Views: 155 RVer Frank
There is a large hole in the ground high atop South Pass, Wyoming – a hole which has an important and most interesting story; and Jackson is fortunate to have someone intimately involved with that “hole”, who is able to tell the story behind it. The story of Wyoming’s Atlantic City iron ore mine, atop South Pass, is one that grew out of the consequences of the Japanese bombing of Pearl Harbor on December 7, 1941. As a result of an immediate need for steel, the U.S. government built a fully integrated steel plant at Provo, Utah where all the needed raw materials were located within the state or nearby. The steel plant was operated as a government facility until June, 1946 when it was sold to U.S. Steel Corporation. By the early 1950’s the quality and quantity of the iron ore deposits in Utah were diminishing and there was a need to discover and develop a new iron ore source to supply the plant. In June, 1953, U.S. Steel hired Dr. Paul Procter (head of the geology department, Missouri School of Mines) and Chuck Dahl, who was his field assistant, to search for a deposit of taconite iron formation in southern Wyoming. By August of that year they had worked westward to the south end of the Wind River Mountains. Long time Jackson resident, Chuck Dahl, will tell the story of the discovery that he was intimately involved with, and the subsequent development and demise of the Atlantic City iron ore mine at South Pass, Wyoming.
Views: 152 Geologists of Jackson Hole
Video shots, taken in May, 1995, of railroad train activity in and around the world's largest open pit strip mine of the Kennecott Copper Co. Kennecott ceased removing copper ore by rail from the Bingham mine in 2001 when a conveyor belt system was put into operation to transport the ore to nearby processing facilities. The diesel locomotives seen are Electro Motive (EMD) GP39-2 models.
Views: 6133 Dan Uscian
Plans for the world's first deep sea mine are taking shape in the waters off Papua New Guinea. The ocean floor is rich in gold, copper and other minerals in big demand around the world. But some scientists warn that digging up the seabed will destroy marine life, and Sir David Attenborough is among those objecting. BBC News science editor David Shukman reports.
Views: 3235 David Shukman
Woomera Mining Limited (ASX:WML) Managing Director, Gerard Anderson talks about the company's plans to recapitalise Ausroc Metals and bring into production a basket of lithium, copper and cobalt assets.
Views: 203 Finance News Network
► Narrated by Chills: http://bit.ly/ChillsYouTube Follow Top15s on Twitter: http://bit.ly/Top15sTwitter Follow Chills on Instagram: http://bit.ly/ChillsInstagram Follow Chills on Twitter: http://bit.ly/ChillsTwitter Subscribe to Chills on Reddit: http://bitly.com/ChillsReddit In this top 15 list, we look at our picks for the most scary moments involving paranormal activity from the Travel Channel hit TV show, Ghost Adventures. These are, in our opinion, the scariest things the ghost hunters have ever caught on camera from their investigations. Enjoy our analysis of these entries! Written by: Jonah Petruic Edited by: Huba Áron Csapó Music: Kevin MacLeod (incompetech.com) Licensed under Creative Commons: By Attribution 3.0 http://creativecommons.org/licenses/by/3.0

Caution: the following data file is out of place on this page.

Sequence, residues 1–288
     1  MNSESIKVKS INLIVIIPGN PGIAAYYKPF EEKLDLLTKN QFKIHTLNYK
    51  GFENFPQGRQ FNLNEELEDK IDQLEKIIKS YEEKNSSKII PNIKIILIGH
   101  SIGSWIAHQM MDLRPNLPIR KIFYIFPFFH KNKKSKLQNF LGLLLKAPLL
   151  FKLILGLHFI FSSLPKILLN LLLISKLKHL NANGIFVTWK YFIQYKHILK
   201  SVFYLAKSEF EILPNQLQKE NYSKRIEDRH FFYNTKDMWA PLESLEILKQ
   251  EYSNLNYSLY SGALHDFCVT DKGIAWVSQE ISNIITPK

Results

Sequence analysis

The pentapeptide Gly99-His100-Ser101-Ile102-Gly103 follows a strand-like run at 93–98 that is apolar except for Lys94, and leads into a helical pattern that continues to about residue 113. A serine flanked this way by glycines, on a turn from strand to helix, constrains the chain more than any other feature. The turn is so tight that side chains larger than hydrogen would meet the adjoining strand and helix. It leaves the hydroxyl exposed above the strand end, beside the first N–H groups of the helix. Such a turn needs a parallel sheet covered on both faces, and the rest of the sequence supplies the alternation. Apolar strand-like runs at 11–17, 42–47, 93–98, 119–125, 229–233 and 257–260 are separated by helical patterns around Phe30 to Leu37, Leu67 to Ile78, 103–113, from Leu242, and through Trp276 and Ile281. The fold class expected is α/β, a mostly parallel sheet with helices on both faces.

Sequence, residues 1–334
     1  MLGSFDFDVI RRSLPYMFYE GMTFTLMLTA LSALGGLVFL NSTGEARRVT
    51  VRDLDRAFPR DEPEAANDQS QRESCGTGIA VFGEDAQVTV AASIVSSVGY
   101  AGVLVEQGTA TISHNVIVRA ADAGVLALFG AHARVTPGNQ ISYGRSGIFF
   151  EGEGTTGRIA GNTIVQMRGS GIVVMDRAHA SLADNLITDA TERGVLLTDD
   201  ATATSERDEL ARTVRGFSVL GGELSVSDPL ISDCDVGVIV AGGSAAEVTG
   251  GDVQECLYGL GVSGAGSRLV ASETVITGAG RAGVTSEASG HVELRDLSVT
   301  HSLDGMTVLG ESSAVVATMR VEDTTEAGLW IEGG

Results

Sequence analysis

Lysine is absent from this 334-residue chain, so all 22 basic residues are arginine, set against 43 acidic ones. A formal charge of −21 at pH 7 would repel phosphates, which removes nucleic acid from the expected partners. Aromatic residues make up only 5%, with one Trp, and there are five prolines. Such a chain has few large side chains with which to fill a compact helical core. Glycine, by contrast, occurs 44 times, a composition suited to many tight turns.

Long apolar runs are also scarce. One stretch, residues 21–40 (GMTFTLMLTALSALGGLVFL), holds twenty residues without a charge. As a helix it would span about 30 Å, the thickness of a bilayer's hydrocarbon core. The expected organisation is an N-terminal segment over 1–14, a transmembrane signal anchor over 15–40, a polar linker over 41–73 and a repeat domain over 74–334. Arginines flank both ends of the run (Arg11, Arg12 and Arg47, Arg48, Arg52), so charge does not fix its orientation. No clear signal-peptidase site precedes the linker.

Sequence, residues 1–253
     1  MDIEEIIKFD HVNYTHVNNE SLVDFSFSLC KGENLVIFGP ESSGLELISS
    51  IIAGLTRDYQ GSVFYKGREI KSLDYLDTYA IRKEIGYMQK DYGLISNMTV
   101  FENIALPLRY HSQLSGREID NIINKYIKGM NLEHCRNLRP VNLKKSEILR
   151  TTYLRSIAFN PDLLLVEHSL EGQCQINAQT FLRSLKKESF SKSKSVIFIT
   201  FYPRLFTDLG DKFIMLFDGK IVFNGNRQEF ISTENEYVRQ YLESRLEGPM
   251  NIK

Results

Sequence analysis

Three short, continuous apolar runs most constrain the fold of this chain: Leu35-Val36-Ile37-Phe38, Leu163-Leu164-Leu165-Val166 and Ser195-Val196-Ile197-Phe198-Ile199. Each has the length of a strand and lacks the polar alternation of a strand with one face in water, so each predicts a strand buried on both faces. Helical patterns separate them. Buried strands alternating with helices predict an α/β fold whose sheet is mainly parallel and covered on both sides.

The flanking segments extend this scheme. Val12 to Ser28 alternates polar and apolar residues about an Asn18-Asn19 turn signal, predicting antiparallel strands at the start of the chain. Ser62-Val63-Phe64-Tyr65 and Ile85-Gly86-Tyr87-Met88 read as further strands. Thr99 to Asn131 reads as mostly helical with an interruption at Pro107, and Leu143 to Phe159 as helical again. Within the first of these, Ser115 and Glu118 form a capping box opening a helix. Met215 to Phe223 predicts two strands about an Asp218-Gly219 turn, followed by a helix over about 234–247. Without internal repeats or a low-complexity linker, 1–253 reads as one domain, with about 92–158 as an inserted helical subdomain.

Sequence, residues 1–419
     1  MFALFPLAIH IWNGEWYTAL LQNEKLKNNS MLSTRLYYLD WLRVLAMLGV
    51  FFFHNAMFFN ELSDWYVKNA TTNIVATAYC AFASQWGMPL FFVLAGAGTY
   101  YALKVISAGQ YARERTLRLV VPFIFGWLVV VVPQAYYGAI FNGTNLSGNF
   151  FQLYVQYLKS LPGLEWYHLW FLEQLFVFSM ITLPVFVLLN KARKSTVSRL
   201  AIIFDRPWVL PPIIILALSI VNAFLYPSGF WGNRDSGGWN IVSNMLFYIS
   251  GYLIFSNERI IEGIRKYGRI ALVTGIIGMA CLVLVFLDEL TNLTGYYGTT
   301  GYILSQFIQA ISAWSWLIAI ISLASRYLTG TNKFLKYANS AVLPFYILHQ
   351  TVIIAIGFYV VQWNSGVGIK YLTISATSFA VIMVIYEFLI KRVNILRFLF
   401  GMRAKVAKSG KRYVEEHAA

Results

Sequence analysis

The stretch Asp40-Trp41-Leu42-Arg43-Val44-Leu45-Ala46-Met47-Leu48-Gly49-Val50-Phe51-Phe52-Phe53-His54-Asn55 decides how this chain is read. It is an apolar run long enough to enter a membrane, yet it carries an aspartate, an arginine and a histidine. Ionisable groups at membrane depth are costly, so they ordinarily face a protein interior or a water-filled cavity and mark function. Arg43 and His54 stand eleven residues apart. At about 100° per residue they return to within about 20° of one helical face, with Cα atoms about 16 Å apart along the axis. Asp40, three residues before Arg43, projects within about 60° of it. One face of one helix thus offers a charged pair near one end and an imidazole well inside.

Views: 3757721 Top15s
Toxic profits? - 101 East Rare earth minerals power many of today's products, including smart phones, computers and defence weapons. But the industry creates serious environmental waste. China has 95 per cent of the market but aroused international alarm recently by drastically cutting rare earth exports and using it as a global trade weapon. Prices rose 300 per cent last year with top consumers scrambling to find new sources. Lynas, an Australian mining company is set to fill the gap, building the world's largest rare earth refinery in Malaysia. But critics say it may cause an environmental disaster, similar to one from a defunct plant in the country 20 years earlier. Social Media links: Facebook: https://www.facebook.com/aljazeera Instagram: https://instagram.com/aljazeera/?ref=... Twitter: https://twitter.com/ajenglish Website: http://www.aljazeera.com/ google+: https://plus.google.com/+aljazeera/posts